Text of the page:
Two proposed world-scale polypropylene projects in Canada got a bit more momentum from incentives offered by the provincial government.
Alberta said Dec. 5 that it will give up to C$500 million (US$380 million) in royalty credits to two companies planning to upgrade propane to propylene for subsequent use to make PP resin. The province said in February it wanted to stimulate new petrochemical investments through royalty credits.
Pembina Pipeline Corp. proposes building a propane-to-propylene facility in Redwater, Alberta, with a polypropylene production plant next door. The two operations — worth between C$3.8 billion (US$2.9 billion) to C$4.2 billion (US$3.2 billion) — could be on stream in 2021, pending approvals and a final board decision. Pembina is partnering with Kuwait Petroleum Corp. in the PP resin project.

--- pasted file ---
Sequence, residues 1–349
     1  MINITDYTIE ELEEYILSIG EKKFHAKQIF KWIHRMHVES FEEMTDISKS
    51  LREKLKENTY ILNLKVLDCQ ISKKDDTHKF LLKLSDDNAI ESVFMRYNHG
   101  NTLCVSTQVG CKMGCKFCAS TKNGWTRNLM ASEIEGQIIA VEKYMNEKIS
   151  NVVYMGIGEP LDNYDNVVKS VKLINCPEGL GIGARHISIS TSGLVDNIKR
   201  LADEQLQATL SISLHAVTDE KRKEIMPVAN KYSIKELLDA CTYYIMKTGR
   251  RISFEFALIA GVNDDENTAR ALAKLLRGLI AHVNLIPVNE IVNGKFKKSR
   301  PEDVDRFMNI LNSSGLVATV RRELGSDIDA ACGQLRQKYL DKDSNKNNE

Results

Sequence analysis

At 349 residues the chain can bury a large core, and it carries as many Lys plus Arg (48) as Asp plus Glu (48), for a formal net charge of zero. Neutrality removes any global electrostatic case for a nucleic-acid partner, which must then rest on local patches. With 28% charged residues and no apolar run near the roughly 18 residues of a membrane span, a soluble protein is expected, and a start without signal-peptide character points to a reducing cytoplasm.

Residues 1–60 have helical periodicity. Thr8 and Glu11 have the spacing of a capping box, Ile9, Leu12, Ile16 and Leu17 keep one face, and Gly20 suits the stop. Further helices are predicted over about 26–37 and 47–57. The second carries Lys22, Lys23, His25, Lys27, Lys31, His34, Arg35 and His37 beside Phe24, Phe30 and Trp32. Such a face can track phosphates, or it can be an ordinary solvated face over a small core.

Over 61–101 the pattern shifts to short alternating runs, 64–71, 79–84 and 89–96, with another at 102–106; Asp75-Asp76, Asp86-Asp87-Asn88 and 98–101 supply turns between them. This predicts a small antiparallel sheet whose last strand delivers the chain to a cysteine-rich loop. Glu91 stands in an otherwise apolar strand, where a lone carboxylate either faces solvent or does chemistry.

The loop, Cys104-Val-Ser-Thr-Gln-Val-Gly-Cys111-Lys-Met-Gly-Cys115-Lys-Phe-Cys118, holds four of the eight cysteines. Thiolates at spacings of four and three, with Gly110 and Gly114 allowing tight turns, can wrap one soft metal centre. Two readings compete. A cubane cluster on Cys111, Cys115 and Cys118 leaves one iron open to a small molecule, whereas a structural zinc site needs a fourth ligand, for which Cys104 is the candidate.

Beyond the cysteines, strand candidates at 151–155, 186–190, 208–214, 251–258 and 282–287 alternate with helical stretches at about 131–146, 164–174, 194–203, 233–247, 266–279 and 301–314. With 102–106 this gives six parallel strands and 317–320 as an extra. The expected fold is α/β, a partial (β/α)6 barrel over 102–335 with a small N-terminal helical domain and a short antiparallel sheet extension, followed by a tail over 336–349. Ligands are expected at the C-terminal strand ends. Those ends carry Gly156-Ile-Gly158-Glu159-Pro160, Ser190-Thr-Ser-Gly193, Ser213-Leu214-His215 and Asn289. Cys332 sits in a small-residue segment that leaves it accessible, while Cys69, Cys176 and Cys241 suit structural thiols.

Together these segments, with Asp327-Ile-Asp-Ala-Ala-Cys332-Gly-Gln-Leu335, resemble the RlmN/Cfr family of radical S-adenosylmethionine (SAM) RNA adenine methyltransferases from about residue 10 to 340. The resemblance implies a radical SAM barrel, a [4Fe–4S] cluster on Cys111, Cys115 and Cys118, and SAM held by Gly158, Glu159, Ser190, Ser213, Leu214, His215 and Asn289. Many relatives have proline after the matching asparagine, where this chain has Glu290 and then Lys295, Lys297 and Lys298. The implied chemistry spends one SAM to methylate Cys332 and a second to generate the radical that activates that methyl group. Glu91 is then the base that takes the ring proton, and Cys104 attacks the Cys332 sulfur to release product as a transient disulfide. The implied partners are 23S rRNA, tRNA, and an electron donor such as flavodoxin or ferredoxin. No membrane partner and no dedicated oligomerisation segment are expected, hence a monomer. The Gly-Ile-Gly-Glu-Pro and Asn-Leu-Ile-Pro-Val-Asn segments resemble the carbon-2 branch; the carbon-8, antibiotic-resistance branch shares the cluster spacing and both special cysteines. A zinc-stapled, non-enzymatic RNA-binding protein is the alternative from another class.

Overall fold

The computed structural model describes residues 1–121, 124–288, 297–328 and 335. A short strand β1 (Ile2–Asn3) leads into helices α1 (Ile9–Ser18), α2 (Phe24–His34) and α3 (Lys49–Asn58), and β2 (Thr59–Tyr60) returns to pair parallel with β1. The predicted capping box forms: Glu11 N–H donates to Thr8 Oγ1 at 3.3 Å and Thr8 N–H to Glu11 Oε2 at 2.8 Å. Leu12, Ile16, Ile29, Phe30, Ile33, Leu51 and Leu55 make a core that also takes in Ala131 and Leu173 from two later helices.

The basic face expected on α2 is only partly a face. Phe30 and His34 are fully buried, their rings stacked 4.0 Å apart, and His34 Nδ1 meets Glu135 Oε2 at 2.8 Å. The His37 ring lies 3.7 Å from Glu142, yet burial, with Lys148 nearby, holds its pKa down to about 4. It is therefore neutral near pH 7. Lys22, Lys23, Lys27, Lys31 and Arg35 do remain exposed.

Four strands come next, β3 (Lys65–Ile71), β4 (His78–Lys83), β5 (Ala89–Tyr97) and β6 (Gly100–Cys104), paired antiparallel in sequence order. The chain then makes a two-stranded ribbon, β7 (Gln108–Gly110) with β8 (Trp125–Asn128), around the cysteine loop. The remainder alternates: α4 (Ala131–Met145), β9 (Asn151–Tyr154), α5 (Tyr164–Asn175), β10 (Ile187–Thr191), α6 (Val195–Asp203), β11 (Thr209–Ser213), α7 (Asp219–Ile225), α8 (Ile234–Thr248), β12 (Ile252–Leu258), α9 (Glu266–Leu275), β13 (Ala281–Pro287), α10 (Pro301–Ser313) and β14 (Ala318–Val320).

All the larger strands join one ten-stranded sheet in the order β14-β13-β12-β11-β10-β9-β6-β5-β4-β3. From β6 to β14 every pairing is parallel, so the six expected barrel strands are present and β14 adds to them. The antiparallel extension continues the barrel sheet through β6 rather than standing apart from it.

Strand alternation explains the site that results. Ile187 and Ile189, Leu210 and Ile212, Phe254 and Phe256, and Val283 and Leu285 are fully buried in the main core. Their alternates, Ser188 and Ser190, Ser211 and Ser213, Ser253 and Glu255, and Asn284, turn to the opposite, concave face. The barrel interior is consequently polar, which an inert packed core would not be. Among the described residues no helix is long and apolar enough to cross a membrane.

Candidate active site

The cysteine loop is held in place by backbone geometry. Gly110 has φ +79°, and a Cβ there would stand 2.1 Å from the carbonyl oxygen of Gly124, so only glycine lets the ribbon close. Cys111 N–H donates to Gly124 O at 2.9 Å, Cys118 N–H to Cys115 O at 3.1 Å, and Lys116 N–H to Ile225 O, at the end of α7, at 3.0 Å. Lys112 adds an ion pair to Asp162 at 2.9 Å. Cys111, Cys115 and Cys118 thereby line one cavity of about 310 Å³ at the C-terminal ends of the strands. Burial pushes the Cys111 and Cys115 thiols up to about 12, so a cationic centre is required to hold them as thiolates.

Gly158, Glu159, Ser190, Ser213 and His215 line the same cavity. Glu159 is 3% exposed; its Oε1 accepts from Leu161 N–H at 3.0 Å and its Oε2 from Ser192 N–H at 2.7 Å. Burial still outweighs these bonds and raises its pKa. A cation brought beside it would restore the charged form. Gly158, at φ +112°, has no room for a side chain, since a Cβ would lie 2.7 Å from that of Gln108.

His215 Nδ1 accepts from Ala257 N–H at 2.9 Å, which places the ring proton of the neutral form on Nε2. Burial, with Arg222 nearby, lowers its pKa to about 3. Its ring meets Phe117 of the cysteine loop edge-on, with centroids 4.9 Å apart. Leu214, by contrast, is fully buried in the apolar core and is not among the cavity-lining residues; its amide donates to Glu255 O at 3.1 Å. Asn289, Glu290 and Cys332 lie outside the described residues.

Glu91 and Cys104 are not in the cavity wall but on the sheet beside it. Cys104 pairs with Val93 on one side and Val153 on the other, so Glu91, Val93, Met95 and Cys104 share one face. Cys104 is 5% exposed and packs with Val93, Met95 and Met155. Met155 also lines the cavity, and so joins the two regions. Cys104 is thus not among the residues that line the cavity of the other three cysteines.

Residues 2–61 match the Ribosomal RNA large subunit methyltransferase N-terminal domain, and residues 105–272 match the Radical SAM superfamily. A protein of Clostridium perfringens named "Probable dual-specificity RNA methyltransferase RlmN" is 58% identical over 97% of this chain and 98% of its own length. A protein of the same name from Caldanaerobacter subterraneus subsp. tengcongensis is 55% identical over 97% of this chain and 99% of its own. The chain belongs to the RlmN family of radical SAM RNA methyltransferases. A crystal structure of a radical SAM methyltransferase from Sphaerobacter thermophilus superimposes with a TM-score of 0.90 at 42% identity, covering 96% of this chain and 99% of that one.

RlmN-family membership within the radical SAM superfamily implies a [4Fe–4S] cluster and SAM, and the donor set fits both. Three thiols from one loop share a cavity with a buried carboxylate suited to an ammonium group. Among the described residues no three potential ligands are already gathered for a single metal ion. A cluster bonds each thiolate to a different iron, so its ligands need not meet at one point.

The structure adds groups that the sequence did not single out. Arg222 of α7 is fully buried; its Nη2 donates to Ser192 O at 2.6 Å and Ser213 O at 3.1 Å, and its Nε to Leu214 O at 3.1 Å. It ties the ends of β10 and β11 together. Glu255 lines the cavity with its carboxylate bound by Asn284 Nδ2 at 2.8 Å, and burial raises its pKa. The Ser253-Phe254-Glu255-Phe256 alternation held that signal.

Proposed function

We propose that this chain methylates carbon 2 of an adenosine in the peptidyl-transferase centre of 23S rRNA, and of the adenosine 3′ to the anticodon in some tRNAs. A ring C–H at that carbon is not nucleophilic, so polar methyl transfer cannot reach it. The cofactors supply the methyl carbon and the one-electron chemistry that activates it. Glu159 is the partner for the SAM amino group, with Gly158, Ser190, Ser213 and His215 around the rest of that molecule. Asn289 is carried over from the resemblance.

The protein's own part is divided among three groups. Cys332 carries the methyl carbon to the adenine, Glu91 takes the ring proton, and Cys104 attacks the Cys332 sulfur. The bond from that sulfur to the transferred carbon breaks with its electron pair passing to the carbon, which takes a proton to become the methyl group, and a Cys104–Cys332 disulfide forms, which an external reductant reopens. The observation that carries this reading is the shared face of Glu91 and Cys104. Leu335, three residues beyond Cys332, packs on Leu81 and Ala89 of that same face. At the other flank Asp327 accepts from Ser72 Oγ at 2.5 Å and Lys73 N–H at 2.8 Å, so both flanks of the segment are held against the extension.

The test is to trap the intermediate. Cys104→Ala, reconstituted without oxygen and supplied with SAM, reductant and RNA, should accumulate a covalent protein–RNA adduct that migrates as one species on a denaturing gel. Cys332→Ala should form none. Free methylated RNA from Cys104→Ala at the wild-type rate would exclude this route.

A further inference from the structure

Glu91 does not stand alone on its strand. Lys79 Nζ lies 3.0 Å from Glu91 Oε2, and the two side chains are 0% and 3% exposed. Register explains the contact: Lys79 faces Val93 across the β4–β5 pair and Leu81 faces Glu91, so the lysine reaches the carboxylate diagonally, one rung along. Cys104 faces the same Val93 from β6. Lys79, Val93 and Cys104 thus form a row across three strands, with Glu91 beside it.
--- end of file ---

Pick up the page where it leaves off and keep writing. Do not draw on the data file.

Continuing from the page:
Separately, Inter Pipeline Ltd. proposes a propane-to-propylene operation in Fort Saskatchewan, Alberta, which qualifies for up to C$200 million (US$152 million) in royalty credits. Inter Pipeline is also pondering construction of a PP plant that would come on stream in 2021. Inter Pipeline inherited the propylene project in August when it bought a natural gas liquids business in the province run by Williams Cos. Williams had planned to build a propylene plant and sell the propylene to an affiliate of Goradia Capital to make PP resin adjacent to the olefin plant. Williams is based in Tulsa, Okla., and Goradia is in Houston.
Each proposed project would consume some 22,000 barrels a day of propane.
Alberta's government is offering the incentives to inject new life into the province's oil and gas sector hurt by low global oil prices. Alberta is not offering any more incentives for petrochemical projects.
The PP projects in the western Canada province are competing with similar plans in the United States that are spurred by a surge in PP feedstock availability from shale petroleum development.